Over the last couple of years, we are witnessing a rapidly increasing number of companies and start-up businesses at the intersection between technology and tourism. Of course, the Internet and mobile technologies have a great potential in terms of providing new ways to access tourism and destinations. For example, Wi-fi, wide touch screens, smartphones and tablets allow user to collect and exchange information before, during and after their consumption experience. In last month’s entry on my blog Inloco I sought to dig into a very fascinating project called “My Destination”.
“My Destination” is a good example of this new generation of businesses. What is it about? It is an online platform where people are supposed to find first-hand information about a certain destination. As its creators put it, we live in “a post-Lonely Planet era” where “people want the information live, they want it up to date, they want it current”. In order to address this pressing need, MyDestination relies on several teams of local people in every destination covered by the service. Each local team is affiliated as a franchisee and is supposed to own and operate local websites that provide travel advice and information to potential visitors, while giving local business owners a chance to advertise their businesses on the online platform.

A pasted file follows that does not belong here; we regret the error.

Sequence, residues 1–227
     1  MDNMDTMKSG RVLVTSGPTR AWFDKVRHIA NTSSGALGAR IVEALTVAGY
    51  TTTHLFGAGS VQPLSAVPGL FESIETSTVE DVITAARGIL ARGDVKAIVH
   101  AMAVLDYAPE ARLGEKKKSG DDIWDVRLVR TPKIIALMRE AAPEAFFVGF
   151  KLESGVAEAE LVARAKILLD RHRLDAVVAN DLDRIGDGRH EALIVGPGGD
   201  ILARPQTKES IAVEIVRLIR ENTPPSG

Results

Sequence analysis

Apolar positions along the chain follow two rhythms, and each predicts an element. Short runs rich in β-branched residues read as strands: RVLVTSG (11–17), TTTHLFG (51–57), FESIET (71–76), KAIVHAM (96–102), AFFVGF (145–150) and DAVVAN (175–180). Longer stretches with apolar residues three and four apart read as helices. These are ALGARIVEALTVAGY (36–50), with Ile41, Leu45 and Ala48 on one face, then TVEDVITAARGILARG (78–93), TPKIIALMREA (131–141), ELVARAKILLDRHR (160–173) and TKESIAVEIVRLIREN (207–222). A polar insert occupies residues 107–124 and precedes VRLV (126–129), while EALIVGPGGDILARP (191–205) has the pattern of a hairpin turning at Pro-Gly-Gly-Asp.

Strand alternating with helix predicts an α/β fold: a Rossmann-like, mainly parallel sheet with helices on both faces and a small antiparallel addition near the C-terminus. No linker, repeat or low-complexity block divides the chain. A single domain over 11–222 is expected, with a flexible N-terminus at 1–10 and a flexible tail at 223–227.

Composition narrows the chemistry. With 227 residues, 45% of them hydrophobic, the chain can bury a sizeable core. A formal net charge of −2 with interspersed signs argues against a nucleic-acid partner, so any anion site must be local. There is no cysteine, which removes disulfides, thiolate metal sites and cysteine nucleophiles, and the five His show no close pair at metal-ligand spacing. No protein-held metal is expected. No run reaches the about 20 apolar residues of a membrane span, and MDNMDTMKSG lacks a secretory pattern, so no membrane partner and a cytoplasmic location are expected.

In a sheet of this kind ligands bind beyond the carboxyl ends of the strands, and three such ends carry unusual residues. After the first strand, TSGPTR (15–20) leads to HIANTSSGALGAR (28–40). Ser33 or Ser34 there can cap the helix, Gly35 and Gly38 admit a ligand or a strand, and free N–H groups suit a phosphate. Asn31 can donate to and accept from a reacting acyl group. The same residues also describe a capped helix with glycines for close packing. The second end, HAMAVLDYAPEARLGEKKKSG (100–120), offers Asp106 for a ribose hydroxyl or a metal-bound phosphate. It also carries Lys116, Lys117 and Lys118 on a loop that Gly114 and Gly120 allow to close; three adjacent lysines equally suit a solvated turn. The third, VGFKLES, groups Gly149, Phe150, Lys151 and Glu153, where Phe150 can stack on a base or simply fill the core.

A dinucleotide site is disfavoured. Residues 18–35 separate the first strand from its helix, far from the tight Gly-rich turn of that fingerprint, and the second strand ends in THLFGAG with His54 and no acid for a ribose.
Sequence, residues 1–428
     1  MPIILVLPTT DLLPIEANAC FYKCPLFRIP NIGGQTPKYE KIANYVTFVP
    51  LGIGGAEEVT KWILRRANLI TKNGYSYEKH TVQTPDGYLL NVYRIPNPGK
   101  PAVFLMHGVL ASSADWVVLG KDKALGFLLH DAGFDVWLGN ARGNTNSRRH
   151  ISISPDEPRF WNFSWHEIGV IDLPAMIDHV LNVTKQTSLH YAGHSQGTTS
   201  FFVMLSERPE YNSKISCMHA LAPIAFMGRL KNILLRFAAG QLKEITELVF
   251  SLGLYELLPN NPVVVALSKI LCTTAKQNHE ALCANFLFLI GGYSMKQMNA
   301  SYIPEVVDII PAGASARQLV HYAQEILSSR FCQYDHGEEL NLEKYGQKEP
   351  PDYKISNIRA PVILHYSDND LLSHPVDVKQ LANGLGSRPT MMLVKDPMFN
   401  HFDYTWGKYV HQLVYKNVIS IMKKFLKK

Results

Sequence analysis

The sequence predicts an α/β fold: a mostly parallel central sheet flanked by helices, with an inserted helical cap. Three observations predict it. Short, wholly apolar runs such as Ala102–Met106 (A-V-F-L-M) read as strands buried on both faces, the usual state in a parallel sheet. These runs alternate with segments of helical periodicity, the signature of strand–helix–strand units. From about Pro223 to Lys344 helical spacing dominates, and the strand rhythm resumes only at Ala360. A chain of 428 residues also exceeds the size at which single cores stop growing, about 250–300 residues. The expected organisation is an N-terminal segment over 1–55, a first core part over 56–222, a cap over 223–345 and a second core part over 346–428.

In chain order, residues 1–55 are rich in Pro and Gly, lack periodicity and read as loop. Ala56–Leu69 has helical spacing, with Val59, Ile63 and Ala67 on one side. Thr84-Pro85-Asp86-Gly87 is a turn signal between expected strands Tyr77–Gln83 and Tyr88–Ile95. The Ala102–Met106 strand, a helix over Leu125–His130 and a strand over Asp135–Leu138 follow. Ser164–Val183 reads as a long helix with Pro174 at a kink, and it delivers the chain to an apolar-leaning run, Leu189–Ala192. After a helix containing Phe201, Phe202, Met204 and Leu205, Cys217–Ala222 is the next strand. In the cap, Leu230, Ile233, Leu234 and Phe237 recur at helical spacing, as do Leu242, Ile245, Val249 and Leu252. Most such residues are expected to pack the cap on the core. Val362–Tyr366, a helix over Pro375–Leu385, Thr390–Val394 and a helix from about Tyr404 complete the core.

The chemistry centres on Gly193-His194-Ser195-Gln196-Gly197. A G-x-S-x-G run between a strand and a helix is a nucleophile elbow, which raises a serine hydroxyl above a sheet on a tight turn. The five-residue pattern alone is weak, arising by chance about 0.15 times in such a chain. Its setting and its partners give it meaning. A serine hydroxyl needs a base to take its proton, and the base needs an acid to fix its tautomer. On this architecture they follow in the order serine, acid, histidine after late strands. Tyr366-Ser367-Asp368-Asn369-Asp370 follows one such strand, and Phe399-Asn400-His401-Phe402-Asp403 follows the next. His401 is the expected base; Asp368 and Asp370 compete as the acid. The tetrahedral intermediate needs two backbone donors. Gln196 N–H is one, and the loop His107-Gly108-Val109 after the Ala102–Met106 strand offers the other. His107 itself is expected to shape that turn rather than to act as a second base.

The most fascinating feature lies in the franchising business model. An idea which is in line with a two-fold purpose: having “natives” providing fresh information about what’s going on in their tourism place; and building an efficient and profitable business model for the company. I believe that these two aims are not easy to fulfil simultaneously. The sponsored attractions may appear right below what are supposed to be tips from natives, thus potentially hampering the credibility of the “unrivalled local knowledge” which is said to be offered.
If you select “Italy”, just Florence is listed as a featured destination. Regarding Germany, no destinations at all yet. Thus, Berlin is not on the list. Why are these key destinations missing? For a relatively brand-new tourist site, this could be a shame, as first-time users like myself may be disappointed. The absence of big destinations is linked to the characteristics of the business model: the practice of franchising. Evidently, no franchisees have been found in these well-known cities yet.
Let’s give a cursory glance at the information pack or FIM, Franchise Information Memorandum. Not on the MyDestination website, because the information is available only on request. We can use http://www.theukfranchisedirectory.net/page/my-destination/eoejls.php where we discover that the initial investment is “only” 20.000 £ + VAT. Quite demanding for an activity that does not require to rent an office, as you are told that you can easily “work from home”. It s true that the company has been able to expand across many countries. But now I think that the franchising package should be revised if MyDestination intends to win the key destination whose absence clearly affect the trustworthiness of the entire project.